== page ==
Individual study: Agricultural intensification and de-intensification differentially affect taxonomic diversity of predatory mites, earthworms, enchytraeids, nematodes and bacteria
Postma-Blaauw M.B., de Goede R.G.M., Bloem J., Faber J.H. & Brussaard L. (2012) Agricultural intensification and de-intensification differentially affect taxonomic diversity of predatory mites, earthworms, enchytraeids, nematodes and bacteria. Applied Soil Ecology, 57, 39-49
This study is summarised as evidence for the intervention(s) shown on the right. The icon shows which synopsis it is relevant to.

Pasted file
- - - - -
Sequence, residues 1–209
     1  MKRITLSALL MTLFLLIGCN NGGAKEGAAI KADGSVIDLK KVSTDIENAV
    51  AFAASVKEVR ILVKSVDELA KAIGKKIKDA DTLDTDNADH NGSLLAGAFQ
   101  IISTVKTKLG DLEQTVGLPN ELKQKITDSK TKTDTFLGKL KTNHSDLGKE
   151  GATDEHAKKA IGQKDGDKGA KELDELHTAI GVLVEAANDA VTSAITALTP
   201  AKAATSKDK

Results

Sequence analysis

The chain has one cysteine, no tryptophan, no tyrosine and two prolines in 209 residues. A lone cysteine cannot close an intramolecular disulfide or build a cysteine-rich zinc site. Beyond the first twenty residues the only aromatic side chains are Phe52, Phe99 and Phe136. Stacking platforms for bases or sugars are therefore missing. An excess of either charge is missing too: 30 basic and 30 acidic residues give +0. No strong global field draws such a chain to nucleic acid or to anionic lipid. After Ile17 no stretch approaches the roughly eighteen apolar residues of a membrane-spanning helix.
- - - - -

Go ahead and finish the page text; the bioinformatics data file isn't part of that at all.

Restore or create low input grasslands
A randomized, replicated experiment in 2001-2003 on sandy-loam in the Netherlands (Postma-Blaauw et al. 2012) found that restoring arable land to grassland increased the diversity of soil animals. There was a higher diversity of bacteria (68 DNA bands per experimental plot), nematodes (28 genera per experimental plot), earthworms (3 species per experimental plot), potworms (4 species) and predatory mites (10 species) in new grassland than new arable land (65 DNA bands, 21 genera, 0 species, 4 species, and 4 species respectively). There were four experimental systems: long-term grassland (dominant species included fescue Festuca rubra, velvet grass Holcus lanatus, sweet vernal grass Anthoxanthum oderatum, sorrel Rumex acetosa, and buttercup Ranunculus spp.), new grassland, long-term and new arable land (an oat Avena sativa, maize Zea mays, barley Hordeum vulgare, potato Solanum tuberosum rotation). There were three replicates of 10 x 12 m field plots. Soil samples were taken to 10 cm depth.